I could now stress how the Insignia has all kinds of standard gadgets such as an optical sign-recognition system that reminds you of speed limits, or a lane-departure warning. But I come from the school that says gadgets are only important if the basics are great, unless you belong to the Plymouth Horizon fan club.

I also come from the school that says having some strong merits don’t matter when they don’t fit the brand. Nobody needs a fuel-sipping Lamborghini. A successful Opel needs to be beautiful (check), affordable (Insignia prices are well below comparable Passats, so, OK), reliable (given recent Opel history, check), economical to own (maybe not, given the electronic gadgets), and family-friendly (no way!)

Up to a point, sexiness sells, and the Insignia has had a great sales start. But in time, Opel will have to answer the obvious question: why buy an Insignia from a zombie company, when you can get a (better) Mondeo from a viable one? For a GM car, this Opel is great. For a car that’s supposed to save a bankrupt company, it’s just not good enough.

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2 of 34 comments
  • Dolorean23 Dolorean23 on Jun 16, 2009
    I had high hopes when the Astra came over with Saturn, as I was set to relive the glory days of my family by turning into my father and actually owning my own Opel. Another let down. Threeer, what let you down on the Saturn front? I owned my Saturn Astra XR 5 dr now for a year and have put 23K on it already. Its a terrific little bastard that consistantly makes 31 mpg, town and highway. The 1.8L four isn't going to beat many cars to 60 mph, but its not really designed for it either (GM took the exceptionally good 2.0L turbo for the sub-par Cobalt). Its interior quality for a sub-compact is far superior to a Korean cracker box as is its styling and reliability. Its very German and loves to be driven like you stole it. If you can still find one, you really should test drive one of the three door XRs. Its too bad GM let another one rot on the vine.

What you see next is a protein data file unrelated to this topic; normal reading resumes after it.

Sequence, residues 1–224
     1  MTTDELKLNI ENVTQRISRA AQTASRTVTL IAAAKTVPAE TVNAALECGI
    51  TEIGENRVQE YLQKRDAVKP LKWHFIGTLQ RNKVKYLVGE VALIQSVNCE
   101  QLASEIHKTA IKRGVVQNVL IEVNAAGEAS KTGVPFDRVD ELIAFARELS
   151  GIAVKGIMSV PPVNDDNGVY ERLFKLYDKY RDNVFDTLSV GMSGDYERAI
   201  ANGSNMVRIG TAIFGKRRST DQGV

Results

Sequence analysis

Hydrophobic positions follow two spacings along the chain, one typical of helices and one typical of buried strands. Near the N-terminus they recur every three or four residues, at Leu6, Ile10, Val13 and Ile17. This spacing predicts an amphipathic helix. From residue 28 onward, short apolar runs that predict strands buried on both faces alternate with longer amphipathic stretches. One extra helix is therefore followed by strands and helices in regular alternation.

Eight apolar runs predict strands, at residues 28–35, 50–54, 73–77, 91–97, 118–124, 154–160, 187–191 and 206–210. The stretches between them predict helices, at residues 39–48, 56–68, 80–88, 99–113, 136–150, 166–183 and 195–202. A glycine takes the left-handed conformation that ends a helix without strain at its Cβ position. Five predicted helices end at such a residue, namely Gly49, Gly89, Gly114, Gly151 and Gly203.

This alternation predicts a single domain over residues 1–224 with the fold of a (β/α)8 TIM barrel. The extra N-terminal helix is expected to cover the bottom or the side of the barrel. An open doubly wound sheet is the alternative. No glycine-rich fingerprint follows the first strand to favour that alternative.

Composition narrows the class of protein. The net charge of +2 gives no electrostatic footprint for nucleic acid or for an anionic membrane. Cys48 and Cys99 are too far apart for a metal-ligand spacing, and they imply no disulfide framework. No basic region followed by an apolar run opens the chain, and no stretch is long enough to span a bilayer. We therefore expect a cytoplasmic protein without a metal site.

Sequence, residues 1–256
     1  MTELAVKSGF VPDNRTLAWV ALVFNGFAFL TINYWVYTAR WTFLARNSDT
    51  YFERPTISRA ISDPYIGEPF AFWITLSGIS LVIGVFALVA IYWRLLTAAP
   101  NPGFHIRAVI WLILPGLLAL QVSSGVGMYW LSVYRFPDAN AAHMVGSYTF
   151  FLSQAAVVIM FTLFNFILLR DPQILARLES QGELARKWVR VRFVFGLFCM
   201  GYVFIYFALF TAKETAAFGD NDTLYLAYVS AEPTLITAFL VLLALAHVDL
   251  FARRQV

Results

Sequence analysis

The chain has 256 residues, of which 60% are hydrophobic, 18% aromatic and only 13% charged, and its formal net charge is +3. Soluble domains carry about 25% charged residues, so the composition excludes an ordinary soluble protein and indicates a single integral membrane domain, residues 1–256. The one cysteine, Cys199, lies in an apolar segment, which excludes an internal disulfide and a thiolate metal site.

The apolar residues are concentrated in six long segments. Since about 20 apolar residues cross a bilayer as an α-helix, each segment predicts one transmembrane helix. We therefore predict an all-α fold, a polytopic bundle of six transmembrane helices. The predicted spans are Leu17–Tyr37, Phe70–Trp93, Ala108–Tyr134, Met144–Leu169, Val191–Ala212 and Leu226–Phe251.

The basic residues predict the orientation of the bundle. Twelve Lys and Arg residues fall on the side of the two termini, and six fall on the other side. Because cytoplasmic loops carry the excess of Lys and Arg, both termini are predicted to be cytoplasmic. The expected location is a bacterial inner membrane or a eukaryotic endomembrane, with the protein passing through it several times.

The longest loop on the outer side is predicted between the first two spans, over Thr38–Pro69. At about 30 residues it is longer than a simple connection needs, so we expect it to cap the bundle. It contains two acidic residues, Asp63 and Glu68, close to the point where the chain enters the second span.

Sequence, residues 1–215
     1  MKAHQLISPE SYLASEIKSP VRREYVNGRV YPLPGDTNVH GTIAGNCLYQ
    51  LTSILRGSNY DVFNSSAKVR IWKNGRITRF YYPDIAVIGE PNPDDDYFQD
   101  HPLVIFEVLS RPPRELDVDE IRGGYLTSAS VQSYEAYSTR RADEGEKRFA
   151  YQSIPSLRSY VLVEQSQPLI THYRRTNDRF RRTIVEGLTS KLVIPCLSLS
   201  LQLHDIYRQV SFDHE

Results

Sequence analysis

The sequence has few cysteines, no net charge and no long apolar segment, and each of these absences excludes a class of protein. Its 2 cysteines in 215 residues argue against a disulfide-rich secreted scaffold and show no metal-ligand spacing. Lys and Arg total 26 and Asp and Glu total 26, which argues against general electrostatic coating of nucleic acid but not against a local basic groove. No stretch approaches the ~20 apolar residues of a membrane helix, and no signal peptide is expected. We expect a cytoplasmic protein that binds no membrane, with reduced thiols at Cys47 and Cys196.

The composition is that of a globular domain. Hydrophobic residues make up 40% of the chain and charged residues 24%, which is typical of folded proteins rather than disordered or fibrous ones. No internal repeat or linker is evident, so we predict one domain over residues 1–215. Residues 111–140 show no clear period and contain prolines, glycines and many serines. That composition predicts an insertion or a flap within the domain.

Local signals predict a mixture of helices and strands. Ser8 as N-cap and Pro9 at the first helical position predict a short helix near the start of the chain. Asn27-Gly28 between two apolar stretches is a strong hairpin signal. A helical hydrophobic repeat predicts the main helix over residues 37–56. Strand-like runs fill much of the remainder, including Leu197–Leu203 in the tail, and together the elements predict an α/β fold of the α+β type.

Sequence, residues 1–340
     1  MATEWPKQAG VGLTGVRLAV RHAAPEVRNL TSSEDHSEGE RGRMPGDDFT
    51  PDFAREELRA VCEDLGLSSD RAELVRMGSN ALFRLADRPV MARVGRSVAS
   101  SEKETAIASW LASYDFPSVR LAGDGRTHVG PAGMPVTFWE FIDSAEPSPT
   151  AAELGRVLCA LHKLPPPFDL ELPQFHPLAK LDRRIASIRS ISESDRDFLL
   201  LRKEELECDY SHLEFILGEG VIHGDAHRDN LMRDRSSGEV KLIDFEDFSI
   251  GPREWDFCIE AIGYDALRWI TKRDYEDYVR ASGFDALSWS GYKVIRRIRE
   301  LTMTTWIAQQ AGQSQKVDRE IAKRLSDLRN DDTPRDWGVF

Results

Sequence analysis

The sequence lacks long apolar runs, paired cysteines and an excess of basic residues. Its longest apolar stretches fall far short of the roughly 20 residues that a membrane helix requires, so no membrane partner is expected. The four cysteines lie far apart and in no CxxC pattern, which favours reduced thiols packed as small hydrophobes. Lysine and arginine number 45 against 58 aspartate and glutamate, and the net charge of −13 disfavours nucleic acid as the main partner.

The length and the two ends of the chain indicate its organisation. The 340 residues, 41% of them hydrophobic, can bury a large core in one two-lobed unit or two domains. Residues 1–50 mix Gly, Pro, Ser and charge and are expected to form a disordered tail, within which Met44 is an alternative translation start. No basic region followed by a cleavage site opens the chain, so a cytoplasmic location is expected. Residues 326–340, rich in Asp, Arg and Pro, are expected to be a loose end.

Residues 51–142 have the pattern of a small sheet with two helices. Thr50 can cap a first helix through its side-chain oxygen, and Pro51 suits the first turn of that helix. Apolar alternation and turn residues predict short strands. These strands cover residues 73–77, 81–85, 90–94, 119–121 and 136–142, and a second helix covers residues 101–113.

• Martin Schwoerer Martin Schwoerer on Oct 14, 2009

    Upon giving it another look and sit at the Frankfurt motor show, I changed my mind about the Insignia. The design is gimmicky and it's not a pleasure to be inside. Just too darn claustrophobic. There is something strangely undesirable about this car, so I give it an overall three stars and not more.

  • Bobbysirhan These prices will make more sense by the end of July.
  • Kcflyer It fits perfectly in the you will have nothing and be happy agenda. Eliminate affordable transportation for the middle class. The ultra rich will have stuff like this.
  • SCE to AUX That green color works on a Jeep or a Telluride, but not on a Polestar 2.
  • Kcflyer yep, surprised the clowns in the Senate blocked her. Being completely unqualified for the job has not stopped any appointee by this administration or any other. She must have pissed off someone in the donor class.
  • Chris P Bacon "It is worth noting we’ve found through our own personal testing that some Stellantis PHEVs demand lighting the internal combustion fires in certain weather conditions even if the battery has ample charge, a trait worth keeping in mind if one lives in the snow belt."It's also worth noting that my Jeep dealer applied a software update to my Wrangler 4xe that took care of this issue.